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December 30, 2019

Automotive plant closures linked to spike in opioid deaths, Penn Study finds

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Auto Plant Opioids Source/Pixabay

Opioid overdose mortality has increased 85% in counties where automotive manufacturing plants have closed since the turn of the century, researchers at the University of Pennsylvania and Massachusetts General Hospital concluded in a study.

The economic decline of the U.S. automotive manufacturing and assembly industry can be geographically linked to a rise in deaths caused by opioid overdoses, according to a new research from the University of Pennsylvania and Massachusetts General Hospital.

Building on previous knowledge about the relationship between opioid abuse and declining labor force participation, the study examined plant closures in the United States over a 17-year period from 1999-2016.

Researchers looked at 112 manufacturing counties near major automotive plants, noting their dates of closure and opioid-related deaths within their commuting zones.

Of the counties in the study, 29 experienced a plant closure during the period in question. Among adults between 16 and 65 years old, opioid overdose mortality rates were 85% higher in these counties than in those where plants remained open.

"Major economic events, such as plant closures, can affect a person's view of how their life might be in the future. These changes can have a profound effect on a person's mental well-being, and could consequently influence the risk of substance use," said lead author Atheendar Venkataramani, an assistant professor of Medical Ethics and Health Policy at Penn. "Our findings confirm the general intuition that declining economic opportunity may have played a significant role in driving the opioid crisis."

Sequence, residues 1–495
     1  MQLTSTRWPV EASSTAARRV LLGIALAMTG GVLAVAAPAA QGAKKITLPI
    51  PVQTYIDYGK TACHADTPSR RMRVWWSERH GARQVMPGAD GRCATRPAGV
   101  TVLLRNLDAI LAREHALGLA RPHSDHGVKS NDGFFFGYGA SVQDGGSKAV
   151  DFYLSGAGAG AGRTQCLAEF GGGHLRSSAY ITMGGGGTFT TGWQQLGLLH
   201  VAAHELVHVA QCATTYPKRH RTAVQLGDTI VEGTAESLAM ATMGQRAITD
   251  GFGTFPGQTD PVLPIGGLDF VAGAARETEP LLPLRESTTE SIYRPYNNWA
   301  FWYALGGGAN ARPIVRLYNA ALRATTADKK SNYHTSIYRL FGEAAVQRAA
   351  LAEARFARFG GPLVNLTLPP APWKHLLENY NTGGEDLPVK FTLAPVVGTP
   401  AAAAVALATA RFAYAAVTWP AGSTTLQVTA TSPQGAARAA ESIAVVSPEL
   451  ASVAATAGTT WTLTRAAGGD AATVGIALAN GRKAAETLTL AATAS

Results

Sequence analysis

The group most heavily impacted by plant closures was non-Hispanic, white men between 18-34 years old, followed by non-Hispanic, white men between 35-65 years old. Increased opioid overdose mortality rates also were observed among younger, non-Hispanic, white women.

The authors of the study acknowledged that the increase in opioid overdose deaths occurred during a period in which opioid prescription rates skyrocketed. With greater awareness of the risks and tougher prescribing guidelines, those numbers have decreased steadily since 2010.

One of the study's goals was to look more deeply at factors in the crisis that help explain why people have taken advantage of the access to prescriptions.

"Our results are most relevant for the worsening population health trends in the industrial Midwest and South, regions that have experienced some of the largest increases in opioid overdose deaths and in which the automotive production and other manufacturing industries have long been economically and culturally significant," Venkataramani said.

The study, published Monday in JAMA Internal Medicine, urges changes in policy that can immediately address contributors to the opioid crisis.

"Until we can achieve structural change to address the fundamental drivers of the crisis, there are some health care system and health policy changes that can be implemented immediately," said senior author and co-study lead Alexander Tsai, an associate professor of psychiatry at the Massachusetts General Hospital and Harvard Medical School. "There is an urgent need to rapidly lower the threshold for accessing evidence-based treatment for substance use disorders, for example, at the level of state Medicaid policy and private payor utilization management."

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